The room was crowded: lobbyists, attorneys, legislative staff members, and about a half dozen state representatives and a senator, waiting to testify about their bill. The committee’s clerk helped me sign in and filled me in on how the process worked. My bill was last on the agenda, so I had plenty of time to see how all this worked.
The deputy sheriff I’d driven over with looked sharp in his freshly ironed uniform, but a bit out of place, with his pistol, his taser, and his handcuffs. I could tell he’d rather be out in his pickup, driving around the sand dunes, dealing with ATV riders and crushing crime. But, still, he was up for the adventure, of doing something bizarre: going to Salem with a judge to try to make new law.
I had teased him a bit, wondering if the Sheriff had sent him to escort me over here, so I wouldn’t get into trouble and embarrass the county. We’d driven by the state hospital, and we joked about maybe it was really time for my own commitment hearing.
I was a bit out of place myself, wearing the suit I usually only wear to funerals or big events at the courthouse. But, today I was at the Legislature, and I needed to make a good impression. I might be from the sticks, but now I was in the Big City, and sitting here, under the Capitol dome, wanting to change the law a bit.
The last time I did something like this, I was the district attorney. I’d come to Salem to get the Legislature to change the definition of rape. I’d had a case where a woman had raped a teenaged boy. But the rape law then defined rape according to gender, and I had to charge her with a lesser crime. The committee liked my bill, but it didn’t pass that session, as one senator tabled it, along with some other reforms, simply because he didn’t like the other bills.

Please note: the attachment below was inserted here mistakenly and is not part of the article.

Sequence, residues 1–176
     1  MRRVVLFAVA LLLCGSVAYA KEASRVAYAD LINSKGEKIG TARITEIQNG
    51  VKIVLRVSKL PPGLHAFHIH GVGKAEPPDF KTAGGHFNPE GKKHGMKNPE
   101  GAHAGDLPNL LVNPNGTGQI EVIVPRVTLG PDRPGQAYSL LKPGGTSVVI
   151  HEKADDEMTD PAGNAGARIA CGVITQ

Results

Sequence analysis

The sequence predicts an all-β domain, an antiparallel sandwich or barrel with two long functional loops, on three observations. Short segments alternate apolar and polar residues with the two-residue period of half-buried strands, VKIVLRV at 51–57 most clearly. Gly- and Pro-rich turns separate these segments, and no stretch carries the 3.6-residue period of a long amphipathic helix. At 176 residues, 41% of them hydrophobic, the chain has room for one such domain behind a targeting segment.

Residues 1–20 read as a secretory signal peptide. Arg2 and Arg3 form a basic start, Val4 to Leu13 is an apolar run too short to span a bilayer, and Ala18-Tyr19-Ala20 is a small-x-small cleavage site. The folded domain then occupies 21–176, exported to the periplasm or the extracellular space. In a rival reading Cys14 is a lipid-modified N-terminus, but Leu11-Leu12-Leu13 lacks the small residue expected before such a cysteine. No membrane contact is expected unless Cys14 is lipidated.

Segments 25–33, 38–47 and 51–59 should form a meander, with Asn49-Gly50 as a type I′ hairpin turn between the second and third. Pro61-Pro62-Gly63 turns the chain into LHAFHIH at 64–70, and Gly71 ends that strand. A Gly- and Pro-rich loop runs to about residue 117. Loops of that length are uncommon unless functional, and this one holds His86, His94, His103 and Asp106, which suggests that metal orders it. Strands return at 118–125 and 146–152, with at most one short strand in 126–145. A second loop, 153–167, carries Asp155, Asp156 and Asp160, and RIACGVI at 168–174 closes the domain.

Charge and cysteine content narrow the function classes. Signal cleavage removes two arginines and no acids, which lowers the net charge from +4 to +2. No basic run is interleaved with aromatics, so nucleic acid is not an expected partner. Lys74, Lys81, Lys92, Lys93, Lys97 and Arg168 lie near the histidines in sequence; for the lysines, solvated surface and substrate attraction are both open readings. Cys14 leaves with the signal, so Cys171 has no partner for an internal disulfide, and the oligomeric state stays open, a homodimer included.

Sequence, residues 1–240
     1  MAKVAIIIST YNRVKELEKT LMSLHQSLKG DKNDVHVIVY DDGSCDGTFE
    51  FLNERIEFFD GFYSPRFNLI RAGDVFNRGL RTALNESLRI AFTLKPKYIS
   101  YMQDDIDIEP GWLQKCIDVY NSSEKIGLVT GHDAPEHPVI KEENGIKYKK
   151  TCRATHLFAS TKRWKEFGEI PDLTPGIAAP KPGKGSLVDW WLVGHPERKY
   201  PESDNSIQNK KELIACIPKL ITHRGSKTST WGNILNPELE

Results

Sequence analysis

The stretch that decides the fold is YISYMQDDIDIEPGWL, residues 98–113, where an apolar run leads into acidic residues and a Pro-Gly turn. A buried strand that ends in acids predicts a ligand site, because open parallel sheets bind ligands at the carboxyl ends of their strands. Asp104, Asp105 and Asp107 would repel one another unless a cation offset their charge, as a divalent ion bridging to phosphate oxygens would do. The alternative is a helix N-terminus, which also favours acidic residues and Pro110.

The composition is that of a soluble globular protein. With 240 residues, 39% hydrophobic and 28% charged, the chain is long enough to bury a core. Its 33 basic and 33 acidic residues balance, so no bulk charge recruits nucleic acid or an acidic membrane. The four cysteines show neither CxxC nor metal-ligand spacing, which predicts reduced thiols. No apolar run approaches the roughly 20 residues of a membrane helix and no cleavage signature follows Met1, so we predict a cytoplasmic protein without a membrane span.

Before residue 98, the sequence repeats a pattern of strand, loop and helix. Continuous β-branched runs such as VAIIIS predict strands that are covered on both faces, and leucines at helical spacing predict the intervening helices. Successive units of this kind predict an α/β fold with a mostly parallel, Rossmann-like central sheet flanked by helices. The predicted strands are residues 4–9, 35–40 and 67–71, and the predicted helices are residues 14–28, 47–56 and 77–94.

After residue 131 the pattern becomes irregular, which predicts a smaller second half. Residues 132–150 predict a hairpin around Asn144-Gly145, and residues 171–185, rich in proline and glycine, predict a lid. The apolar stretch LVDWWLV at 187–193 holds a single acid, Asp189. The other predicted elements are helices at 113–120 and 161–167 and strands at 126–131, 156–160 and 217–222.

It was a good idea, though, and sailed through the next session of the Legislature, after that senator had retired.
The deputy sheriff and I walked around the Capitol, looking at the murals and the paintings of the former Governors. We ran into a friend of mine, who is the lobbyist for the justices of the peace, and he gave me some tips on how to testify and present my case. We didn’t see the Governor. I guess he had more important things to do.
The committee members filed in, joking a bit with each other, and waving to a few of the folks in the audience. The chairman gaveled the room to order, and they heard the first bill. The state senator from our area sat down at the witness desk, joined by the mayor of the city where the police chief had been killed a few months ago. They wanted to name a part of a highway in his memory. The mayor’s words were sad, and he choked up a couple of times, remembering a good man, and a tragedy. The committee somberly voted to send the bill to the House.
The next bill was about airspace for drones in eastern Oregon, and asking the Legislature to urge Congress and the FAA to change some of the rules, so the state might attract the drone industry. Well, we seem to have lots of airspace that goes unused, especially east of Bend, so the bill sounded like a good idea. I learned that drone test flights are best about a mile high, and can go up to about five hundred miles on a tank of gas. And, some folks worry that drones will be used to spy on them. But, none of those folks showed up to talk about the bill today. I kind of wanted to hear what they might have told the Legislature.
The next bill seemed a little weird. Weird in that we didn’t seem to need to make any new laws on the subject.. But, apparently, when freeways are built with federal money, there are some rest areas where you can’t sell food or do any other business.
The lawyer for trucking industry and the owner of a big truck plaza near Eugene testified, saying the bill attacked their ability to make a living, and that it would put a lot of folks out of business.
Then, a blind man shuffled to the witness stand, folding his white cane, as he told the sad story of blind folks barely making a living by servicing the limited number of vending machines at rest areas and how they’d all be starved out if the bill became law, and WalMart and Safeway would take over the rest areas. Oh, what an evil bill!